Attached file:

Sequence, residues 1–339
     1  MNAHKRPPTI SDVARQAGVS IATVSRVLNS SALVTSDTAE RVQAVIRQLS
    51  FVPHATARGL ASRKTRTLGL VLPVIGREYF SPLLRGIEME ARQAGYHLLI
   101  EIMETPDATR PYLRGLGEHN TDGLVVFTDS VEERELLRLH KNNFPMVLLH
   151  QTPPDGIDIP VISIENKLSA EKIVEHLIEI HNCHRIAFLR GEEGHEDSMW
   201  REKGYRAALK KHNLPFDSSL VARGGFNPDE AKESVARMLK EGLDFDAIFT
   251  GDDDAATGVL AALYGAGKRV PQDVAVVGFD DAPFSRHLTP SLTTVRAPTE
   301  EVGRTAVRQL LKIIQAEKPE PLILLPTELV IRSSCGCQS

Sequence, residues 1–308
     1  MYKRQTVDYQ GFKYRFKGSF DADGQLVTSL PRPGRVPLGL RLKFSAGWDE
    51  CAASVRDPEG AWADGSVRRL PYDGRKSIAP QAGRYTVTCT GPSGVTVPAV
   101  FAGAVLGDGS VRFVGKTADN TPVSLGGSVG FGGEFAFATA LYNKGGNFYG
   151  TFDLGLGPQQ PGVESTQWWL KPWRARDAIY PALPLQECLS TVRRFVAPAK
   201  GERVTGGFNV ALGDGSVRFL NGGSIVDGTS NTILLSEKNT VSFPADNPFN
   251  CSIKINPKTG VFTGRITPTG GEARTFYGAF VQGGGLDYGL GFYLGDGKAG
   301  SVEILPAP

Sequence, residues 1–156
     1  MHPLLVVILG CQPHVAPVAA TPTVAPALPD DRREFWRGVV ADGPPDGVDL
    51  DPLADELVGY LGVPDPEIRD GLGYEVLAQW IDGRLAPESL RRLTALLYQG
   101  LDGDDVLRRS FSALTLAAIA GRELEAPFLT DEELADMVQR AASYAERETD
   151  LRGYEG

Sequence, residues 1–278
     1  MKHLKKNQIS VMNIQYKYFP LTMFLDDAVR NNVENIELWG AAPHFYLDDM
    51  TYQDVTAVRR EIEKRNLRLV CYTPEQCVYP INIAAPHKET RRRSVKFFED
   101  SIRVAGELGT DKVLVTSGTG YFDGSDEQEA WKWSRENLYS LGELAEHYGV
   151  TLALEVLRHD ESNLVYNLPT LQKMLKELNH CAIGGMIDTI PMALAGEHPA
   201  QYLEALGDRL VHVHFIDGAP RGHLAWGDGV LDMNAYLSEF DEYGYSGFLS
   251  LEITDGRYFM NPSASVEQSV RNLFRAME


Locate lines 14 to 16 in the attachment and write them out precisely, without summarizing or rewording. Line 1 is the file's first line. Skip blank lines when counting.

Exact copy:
   201  GERVTGGFNV ALGDGSVRFL NGGSIVDGTS NTILLSEKNT VSFPADNPFN
   251  CSIKINPKTG VFTGRITPTG GEARTFYGAF VQGGGLDYGL GFYLGDGKAG
   301  SVEILPAP